The story of J. M. Barrie’s Peter Pan is a timeless narrative, a tempting tale for ambitious directors to try to tackle. Benh Zeitlin made a big first impression with his delightful Beasts of the Southern Wild, an ambitious indie that packed an emotional punch. With Wendy, Zeitlin aims for the stars, often forgetting what direction to fly in.
Wendy (Devin France) is an imaginative young girl who enjoys playing by the train tracks next to her mother’s diner with her two older brothers (Gage Naquin and Gavin Naquin). One night, the three find themselves whisked away to Neverland by a very young Peter (Ahmad Cage). This Neverland is a peculiar place, more like purgatory than paradise.
Zeitlin is quite skilled at turning each scene into an individual artistic moment. Wendy is an absolutely beautiful film. Largely filmed in the Caribbean, the cinematography provides visual overload time and time again.
The film doesn’t really use a conventional narrative. It’s a meditative work, mostly concerned with the soul-sucking nature of aging. The characters behave in fantastical fashions, but the film is a quieter take on Pan.
The young cast is quite talented, working with a script that often sounds like it was written by a college freshman obsessed with their first philosophy class. The script is a one-trick pony, uninterested in anything resembling normal human interaction. That wouldn’t necessarily be a problem if the plot knew how to do anything other than meander along at a glacier-slow pace.
For a while, the film is pretty fun. Zeitlin throws the kids into some pretty outlandish scenarios. It feels good to be in Neverland, until the place starts looking like a post-apocalyptic dump in a clunky transition.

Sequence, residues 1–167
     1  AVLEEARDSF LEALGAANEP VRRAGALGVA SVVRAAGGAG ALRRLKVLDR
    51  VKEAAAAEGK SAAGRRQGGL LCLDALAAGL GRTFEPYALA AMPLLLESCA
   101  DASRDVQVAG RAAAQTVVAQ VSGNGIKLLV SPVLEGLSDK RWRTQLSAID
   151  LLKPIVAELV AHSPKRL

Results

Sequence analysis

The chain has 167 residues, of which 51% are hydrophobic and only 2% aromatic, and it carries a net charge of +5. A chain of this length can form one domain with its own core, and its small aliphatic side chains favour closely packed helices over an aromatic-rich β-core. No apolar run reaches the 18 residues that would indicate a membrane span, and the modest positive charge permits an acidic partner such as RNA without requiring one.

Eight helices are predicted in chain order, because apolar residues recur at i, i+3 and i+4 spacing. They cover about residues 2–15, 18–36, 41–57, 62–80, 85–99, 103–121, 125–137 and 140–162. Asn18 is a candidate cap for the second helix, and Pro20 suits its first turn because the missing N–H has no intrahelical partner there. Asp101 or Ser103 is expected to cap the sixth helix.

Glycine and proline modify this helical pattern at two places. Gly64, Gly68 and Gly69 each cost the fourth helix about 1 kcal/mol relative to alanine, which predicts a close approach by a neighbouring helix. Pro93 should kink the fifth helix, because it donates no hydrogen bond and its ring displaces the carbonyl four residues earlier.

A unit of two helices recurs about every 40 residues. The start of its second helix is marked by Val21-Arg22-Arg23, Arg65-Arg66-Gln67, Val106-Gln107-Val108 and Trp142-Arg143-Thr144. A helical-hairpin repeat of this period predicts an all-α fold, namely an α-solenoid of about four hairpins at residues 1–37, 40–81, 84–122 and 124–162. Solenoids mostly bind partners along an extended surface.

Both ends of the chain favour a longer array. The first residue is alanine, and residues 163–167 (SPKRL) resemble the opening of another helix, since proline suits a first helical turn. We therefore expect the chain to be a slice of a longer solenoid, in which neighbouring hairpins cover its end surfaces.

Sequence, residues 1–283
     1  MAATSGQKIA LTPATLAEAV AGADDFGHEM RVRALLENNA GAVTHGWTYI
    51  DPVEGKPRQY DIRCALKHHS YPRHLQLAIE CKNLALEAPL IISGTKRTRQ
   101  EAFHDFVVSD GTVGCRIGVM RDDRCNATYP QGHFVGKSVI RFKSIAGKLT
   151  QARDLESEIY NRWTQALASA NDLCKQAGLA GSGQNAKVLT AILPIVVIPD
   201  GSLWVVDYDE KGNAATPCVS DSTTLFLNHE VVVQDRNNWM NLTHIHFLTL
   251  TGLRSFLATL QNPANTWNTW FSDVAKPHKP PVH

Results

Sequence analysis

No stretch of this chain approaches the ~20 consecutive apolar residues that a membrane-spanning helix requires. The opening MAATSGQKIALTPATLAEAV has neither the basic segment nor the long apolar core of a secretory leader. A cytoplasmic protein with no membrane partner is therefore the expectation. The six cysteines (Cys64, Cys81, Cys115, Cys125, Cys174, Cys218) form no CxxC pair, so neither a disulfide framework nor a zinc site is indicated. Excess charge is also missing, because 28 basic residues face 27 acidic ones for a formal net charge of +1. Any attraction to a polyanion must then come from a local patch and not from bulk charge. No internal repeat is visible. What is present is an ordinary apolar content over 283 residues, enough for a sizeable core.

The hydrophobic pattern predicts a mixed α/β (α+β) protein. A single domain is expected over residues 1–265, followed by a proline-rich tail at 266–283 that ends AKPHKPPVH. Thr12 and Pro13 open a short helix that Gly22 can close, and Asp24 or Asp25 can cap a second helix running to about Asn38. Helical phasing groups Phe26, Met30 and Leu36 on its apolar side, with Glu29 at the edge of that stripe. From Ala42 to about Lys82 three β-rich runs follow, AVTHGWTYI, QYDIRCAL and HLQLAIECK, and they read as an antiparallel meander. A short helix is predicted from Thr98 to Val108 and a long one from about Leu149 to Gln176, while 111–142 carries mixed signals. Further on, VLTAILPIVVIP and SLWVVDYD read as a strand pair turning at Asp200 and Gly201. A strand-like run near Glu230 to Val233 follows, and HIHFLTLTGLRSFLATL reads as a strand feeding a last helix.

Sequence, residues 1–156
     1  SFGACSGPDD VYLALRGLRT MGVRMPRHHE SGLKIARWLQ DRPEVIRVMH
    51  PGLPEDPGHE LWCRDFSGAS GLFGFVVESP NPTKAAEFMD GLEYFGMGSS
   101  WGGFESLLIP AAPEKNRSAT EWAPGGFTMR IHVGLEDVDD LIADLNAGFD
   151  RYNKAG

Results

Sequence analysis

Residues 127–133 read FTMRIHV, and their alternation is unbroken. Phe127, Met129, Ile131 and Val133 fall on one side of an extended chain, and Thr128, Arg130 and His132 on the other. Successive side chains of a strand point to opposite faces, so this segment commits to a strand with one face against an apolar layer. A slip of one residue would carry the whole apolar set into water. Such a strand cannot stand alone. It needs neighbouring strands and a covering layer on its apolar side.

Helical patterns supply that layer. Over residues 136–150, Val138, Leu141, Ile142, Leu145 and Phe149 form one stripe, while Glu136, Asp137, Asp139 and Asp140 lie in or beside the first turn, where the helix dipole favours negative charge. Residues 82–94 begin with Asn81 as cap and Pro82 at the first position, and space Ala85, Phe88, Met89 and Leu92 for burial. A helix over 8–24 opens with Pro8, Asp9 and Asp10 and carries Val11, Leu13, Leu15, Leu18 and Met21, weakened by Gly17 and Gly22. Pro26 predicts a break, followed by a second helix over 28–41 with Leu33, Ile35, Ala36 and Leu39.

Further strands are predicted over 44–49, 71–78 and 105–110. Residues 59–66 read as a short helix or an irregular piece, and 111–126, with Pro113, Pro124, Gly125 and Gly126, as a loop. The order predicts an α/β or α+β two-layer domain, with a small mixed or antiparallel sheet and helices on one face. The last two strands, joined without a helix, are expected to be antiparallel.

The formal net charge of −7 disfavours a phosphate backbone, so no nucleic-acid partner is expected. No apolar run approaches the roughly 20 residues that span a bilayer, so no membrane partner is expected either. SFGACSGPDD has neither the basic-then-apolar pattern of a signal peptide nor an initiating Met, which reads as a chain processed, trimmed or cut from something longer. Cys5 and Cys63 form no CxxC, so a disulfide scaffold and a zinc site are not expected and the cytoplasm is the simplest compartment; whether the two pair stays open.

The first half works far better than the second. Wendy is a beautiful yet completely empty experience. Pleasing to the eyes with nothing for the soul. It’s a sad shame of a movie, one with so much obvious potential that can’t find a way to connect to the audience.
Zeitlin doesn’t really have an answer for what to do with Peter, wasting the character by putting him in a position that struggles to justify his presence at all. It may be titled Wendy, but Peter often feels weirdly irrelevant. Cage brings a lot of intrigue to the role, but the film rarely channels his energy.
Wendy is also way too long for its own good. With a runtime of close to two hours, the film runs out of steam long before its end. Zeitlin clearly has some points to make about the nature of aging, framing young and old in a weird black-and-white manner. He struggles to convey them in a way that would translate to an audience already bored by his antics.
There are other smaller issues with the pacing and the uncomfortable ways Zeitlin tries to move the plot forward. Some of it is just plain gross. The cinematography and the narrative exist on two separate planes, banging into each other like waves on the beaches of Neverland.
Wendy has so much potential as a film. It’s so beautiful and well acted, made by a director with a keen sense for detail. Almost all the pieces line up, but there’s a gaping hole in the middle that brings the whole thing crashing down. Most disappointing.